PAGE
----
Letting Babbitt win amounts to succumbing to ideology, to allowing the comforting sway of conformism, of strict allegiance, to win out over critical individualism. Literature, with all its complexity and nuance, its ambiguities and contradictions, is not a replacement for these ideas but rather an antidote to them. Literature is not an ideology; it is not a religion. It is something grander, more human and humane. For literature asks nothing of you. It doesn’t tell you how to live or who to love. It doesn’t tell you that you aren’t good enough or that you were born wrong. It doesn’t promise punishment for lack of adherence, and it doesn’t condemn those who don’t follow it. And the best part? Literature acknowledges its fiction, its artifice, its ultimate inability to express the capital-T Truth. Literature only promises an attempt, over and over from endless artists, to see the world as their author sees it, to add if only one speck of useful insight, of meaningful observation, to the great tradition of the written word. Literature doesn’t just invite criticism and contribution, it demands it –– the basis of literature is a kind of call and response. Each new author is in some way responding to all who came before them, before they even write one word. Ideally, literature is complete freedom, and as such it’s a messy world –– cheaters and philanderers run rampant as evil characters get away with evil deeds and good people’s values are compromised and deep-seated values are not only questioned but irreverently tossed out the window. If you’re looking for an easy road map to human ethics, literature ain’t the place for you. But this is Nafisi’s point. We shouldn’t look for the easy instructions, for unambiguous demands; we need to challenge every belief we have, to test them, strengthen them, or replace them if need be.
Growing up in Ohio, religion was a normal part of everyday life. As an atheist from a young age, I clung to literature for its confrontational attitude toward accepted values, but I always disagreed when people would say to me, “Well, books are your religion.” Because literature is not a synonym for religion; it’s not a replacement. It’s another territory altogether. In fact, it is as Nafisi describes it, a country. “So much of who we are,” she writes, “no matter where we live, depends on how we imagine ourselves to be.” She goes on to say:
Stories endure –– they have been with us since the dawn of history –– but they need to be refreshed and retold in every generation through the eyes and experiences of new readers sharing a common space that knows no boundaries of politics or religion, ethnicity or gender –– a Republic of Imagination, that most democratic republic of all.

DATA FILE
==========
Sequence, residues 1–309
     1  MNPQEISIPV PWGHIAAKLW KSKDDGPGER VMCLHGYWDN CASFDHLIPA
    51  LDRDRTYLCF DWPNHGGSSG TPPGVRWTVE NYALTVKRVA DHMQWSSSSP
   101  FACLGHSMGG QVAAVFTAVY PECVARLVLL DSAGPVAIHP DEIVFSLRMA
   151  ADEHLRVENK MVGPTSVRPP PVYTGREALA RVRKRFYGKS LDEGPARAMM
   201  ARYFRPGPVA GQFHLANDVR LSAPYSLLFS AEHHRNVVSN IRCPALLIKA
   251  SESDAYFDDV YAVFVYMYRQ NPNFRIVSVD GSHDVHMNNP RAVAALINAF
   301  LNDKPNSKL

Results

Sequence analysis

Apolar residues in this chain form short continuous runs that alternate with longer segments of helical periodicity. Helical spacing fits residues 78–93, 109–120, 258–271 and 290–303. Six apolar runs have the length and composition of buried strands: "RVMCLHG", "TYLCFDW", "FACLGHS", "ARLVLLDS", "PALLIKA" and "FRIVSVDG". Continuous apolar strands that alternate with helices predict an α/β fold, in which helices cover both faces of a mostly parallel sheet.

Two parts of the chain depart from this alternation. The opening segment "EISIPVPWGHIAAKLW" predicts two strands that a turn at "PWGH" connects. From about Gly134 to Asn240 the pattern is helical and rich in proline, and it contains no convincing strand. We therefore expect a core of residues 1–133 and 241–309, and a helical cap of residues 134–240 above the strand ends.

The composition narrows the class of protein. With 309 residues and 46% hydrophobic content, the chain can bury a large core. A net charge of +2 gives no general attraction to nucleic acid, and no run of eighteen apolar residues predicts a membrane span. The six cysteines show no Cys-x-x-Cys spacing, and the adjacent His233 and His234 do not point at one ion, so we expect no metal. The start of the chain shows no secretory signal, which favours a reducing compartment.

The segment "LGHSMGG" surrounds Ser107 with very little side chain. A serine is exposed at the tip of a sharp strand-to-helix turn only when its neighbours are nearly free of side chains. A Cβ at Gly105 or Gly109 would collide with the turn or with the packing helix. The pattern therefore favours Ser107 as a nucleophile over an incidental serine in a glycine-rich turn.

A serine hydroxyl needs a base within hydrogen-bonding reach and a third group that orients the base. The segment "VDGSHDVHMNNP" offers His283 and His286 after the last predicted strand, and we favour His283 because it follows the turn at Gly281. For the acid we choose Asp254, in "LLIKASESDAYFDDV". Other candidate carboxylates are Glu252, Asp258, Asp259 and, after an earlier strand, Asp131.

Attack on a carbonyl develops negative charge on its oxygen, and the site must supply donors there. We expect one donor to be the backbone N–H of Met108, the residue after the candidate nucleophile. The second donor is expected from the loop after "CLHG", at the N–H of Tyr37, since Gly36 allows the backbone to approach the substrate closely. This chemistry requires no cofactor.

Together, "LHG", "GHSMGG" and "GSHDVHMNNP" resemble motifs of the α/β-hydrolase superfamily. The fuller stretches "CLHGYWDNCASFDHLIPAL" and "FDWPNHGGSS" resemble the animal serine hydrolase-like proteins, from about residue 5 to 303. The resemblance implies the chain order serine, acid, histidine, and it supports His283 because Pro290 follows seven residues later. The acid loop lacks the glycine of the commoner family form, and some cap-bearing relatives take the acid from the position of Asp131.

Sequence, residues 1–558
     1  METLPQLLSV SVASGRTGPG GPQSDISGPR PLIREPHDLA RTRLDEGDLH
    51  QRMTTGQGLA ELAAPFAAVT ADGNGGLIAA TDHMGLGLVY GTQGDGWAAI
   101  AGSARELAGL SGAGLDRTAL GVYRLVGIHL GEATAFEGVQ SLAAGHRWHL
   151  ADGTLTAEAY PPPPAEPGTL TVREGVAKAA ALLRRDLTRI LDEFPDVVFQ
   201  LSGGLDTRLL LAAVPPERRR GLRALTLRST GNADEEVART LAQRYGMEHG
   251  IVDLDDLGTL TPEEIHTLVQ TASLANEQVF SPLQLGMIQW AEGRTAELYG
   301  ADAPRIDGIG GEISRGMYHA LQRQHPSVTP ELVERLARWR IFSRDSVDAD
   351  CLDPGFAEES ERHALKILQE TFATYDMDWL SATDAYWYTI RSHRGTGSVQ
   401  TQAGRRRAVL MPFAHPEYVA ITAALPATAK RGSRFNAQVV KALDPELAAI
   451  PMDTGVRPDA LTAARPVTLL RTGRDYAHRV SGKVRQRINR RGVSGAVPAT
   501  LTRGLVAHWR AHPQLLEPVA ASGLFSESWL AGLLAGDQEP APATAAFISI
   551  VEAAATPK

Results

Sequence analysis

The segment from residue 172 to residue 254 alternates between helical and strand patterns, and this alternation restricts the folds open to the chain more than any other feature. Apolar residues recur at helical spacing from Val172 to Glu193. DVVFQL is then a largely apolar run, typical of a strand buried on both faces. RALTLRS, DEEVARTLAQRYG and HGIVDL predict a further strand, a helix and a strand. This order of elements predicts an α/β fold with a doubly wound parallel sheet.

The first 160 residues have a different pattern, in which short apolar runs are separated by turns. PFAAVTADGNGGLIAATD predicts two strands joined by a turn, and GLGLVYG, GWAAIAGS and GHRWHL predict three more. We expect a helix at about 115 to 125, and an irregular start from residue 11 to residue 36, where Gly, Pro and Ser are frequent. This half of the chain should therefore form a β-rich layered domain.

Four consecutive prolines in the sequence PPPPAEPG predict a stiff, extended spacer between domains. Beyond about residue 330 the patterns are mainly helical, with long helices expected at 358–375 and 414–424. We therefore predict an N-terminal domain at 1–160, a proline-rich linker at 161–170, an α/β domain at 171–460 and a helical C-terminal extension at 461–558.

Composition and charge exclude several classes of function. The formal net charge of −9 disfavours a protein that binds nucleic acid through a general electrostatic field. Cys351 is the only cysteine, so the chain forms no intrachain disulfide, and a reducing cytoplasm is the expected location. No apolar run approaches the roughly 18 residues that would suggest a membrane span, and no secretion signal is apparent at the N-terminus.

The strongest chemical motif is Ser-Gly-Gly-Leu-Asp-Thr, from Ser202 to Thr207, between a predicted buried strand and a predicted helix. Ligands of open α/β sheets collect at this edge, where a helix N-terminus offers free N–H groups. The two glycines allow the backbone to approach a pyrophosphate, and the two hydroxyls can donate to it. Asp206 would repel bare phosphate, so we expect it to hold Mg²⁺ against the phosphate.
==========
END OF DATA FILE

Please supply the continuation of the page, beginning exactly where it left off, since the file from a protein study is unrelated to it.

And like a true republic, citizenship here requires work and thought and an open mind, because literature isn’t easy –– it can still offend, provoke, or cause controversy. Even then, we must engage and not simplistically condemn. As Philip Pullman once put it when I saw him speak at the Sheldonian Theatre at Oxford University, in response to a question about the “offensive” title of his book The Good Man Jesus and the Scoundrel Christ:
Yes, it was shocking thing to say, and I knew it was a shocking thing to say. Uh, but no one has the right to live without being shocked. No one has the right to spend their life without being offended. Nobody has to read this book. Nobody has to pick it up. Nobody has to open it. And if they open it and read it they don’t have to like it. And if you read it and dislike it you don’t have to remain silent about it. You can write to me. You can complain about it. You can write to the publisher. You can write to the papers. You can write your own book. You can do all those things, but there your rights stop. No one has the right to stop me writing this book. No one has the right to stop it being published or sold or bought or read. And that’s all I have to say on that subject.
Literature always gives you choices –– to act, to respond, to criticize, to protest –– and, more than that, it actually thrives on this process. Whereas ideology, religion, and jingoism flourish in rigidity, in adherence. As Salman Rushdie put it in The Satanic Verses, “unbendingess can also be monomania, he wanted to say, it can be tyranny, and also it can be brittle, whereas what is flexible can also be humane, and strong enough to last.”
I’m deeply appreciative of Azar Nafisi and her project of promoting fiction throughout the world. But more I’m grateful for her Republic of Imagination. My whole life I’ve been a citizen of a complex moral landscape, a rich world created by some of the greatest minds humanity has had to offer, peopled by every type of person from every type of culture –– I’ve always lived here, but now, thanks to Nafisi, I have a name for my adopted home.